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|Title: ||Behaviour in a Canadian Multi-payer, Multi-provider Health Care Market: The Case of the Physiotherapy Market in Ontario|
|Authors: ||Holyoke, Paul|
|Advisor: ||Deber, Raisa Berlin|
|Department: ||Health Policy, Management and Evaluation|
|Keywords: ||health care market|
regulated health professionals
|Issue Date: ||24-Sep-2009|
|Abstract: ||This is a study of several contentious issues in Canadian health policy involving the interaction of public and private payers and for-profit (FP) and not-for-profit (NFP) providers; the influence of health professionals on market structure; and the role of foreign investment. A case study was used, the Ontario physiotherapy market in 2003-2005, with its complex mix of payers and providers and foreign investment opportunities.
Key market features were: fragmented but substantial payer influence, effective though uncoordinated cost control across payers, constrained labour supply, and fragmented patient referral sources. These features increased the complexity of providers’ interactions with patients and payers, reducing standardization and therefore favouring local, professional-owned small business FP providers (FP/s) for ambulatory care. NFP Hospitals’ market share declined.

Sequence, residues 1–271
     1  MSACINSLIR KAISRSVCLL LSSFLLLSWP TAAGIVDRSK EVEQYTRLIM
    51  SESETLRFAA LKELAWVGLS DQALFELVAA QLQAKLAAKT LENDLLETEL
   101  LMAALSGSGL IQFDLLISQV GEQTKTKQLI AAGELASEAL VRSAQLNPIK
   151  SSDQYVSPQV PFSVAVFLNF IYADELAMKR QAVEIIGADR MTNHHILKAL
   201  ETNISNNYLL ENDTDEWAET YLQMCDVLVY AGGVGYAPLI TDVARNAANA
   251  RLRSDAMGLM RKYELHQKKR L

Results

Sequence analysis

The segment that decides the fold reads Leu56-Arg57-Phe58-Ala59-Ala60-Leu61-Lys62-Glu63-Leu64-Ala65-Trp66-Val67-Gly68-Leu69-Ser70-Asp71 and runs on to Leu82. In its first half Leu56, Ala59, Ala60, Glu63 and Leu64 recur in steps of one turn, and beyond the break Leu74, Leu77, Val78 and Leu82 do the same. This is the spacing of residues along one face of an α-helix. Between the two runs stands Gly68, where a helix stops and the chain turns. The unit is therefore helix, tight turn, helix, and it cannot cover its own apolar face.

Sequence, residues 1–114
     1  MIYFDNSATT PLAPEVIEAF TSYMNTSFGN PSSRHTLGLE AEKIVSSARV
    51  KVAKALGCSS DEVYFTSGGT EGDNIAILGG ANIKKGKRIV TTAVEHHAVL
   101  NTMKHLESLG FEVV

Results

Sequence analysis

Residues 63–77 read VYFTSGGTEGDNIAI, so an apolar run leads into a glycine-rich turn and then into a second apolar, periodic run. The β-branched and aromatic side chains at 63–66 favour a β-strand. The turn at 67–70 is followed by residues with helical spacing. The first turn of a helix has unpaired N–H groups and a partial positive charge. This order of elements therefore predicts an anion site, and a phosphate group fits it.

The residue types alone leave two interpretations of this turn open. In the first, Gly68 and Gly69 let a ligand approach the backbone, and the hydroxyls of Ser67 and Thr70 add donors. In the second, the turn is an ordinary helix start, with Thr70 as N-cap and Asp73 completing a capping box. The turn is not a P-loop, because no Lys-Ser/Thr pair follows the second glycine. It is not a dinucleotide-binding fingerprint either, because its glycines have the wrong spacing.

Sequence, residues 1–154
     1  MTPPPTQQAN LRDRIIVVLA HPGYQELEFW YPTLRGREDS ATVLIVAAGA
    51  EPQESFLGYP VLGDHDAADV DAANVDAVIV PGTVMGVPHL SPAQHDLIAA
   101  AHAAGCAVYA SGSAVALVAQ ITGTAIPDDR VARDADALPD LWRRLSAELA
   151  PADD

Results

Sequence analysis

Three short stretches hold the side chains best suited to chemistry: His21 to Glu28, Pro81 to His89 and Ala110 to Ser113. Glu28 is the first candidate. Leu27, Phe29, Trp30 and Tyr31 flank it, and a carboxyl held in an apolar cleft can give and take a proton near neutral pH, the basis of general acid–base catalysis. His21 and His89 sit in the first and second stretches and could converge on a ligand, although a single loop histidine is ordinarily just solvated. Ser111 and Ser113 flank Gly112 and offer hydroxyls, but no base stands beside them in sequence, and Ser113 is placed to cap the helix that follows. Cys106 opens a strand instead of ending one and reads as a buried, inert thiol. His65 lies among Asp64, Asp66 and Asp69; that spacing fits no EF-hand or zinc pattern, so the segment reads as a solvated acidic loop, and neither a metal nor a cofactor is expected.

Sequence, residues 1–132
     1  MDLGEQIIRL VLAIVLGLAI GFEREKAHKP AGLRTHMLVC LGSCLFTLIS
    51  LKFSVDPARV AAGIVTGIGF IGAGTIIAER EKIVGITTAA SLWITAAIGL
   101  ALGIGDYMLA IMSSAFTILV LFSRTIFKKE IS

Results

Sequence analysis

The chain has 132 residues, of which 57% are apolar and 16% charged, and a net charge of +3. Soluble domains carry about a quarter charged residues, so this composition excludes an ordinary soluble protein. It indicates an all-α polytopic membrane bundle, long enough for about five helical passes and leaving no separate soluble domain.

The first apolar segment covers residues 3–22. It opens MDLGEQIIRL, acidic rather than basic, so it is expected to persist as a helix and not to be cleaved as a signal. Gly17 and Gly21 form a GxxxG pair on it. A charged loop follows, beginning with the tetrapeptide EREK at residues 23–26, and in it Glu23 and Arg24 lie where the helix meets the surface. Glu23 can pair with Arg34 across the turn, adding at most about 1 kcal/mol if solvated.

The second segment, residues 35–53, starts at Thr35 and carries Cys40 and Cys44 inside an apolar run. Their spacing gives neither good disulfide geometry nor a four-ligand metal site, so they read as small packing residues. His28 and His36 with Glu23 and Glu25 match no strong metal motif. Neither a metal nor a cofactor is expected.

The findings generally confirmed expected behavioural differences between FP and NFP providers but expected differences between investor-owned FP providers (FP/c) and FP/s providers were not generally found. FP/s dominated the market, and FP/c providers appeared to mimic FP/s market behaviours, competing in local sub-markets.
With no single or dominant payer, cost control difficulties were expected, but all 11 payer categories (public and private) used various cost control mechanisms, resulting in significant collective but uncoordinated influence. Generally, no payer alone supported a provider’s operations.
The dominant labour suppliers, regulated physiotherapists, were scarce and exerted significant pressure, affecting market structure by asserting individual preferences and professional interests. FP/s dominance resulted, supported by the traditional patient referral source, physicians in small practices.
Very little foreign investment was found despite little protection for domestic providers under NAFTA.
In sum, this study showed FP and NFP provider stereotypes are subject to payer pressure: FP/c organizations can adapt by mimicking FP/s, and payers can modify NFPs’ assumed community orientation. Labour shortages and historical referral patterns can make individual professionals and their preferences more influential than their collective profession without diminishing the importance of professional interests. The degree and structure of payer control can make a market unattractive to foreign investors. Finally, this market – neither a planned or standard market – had a service provision pattern more broadly influenced by professionalism and practitioner interests than policies or prices.|
|Appears in Collections:||Doctoral|
The Institute of Health Policy, Management and Evaluation - Doctoral theses
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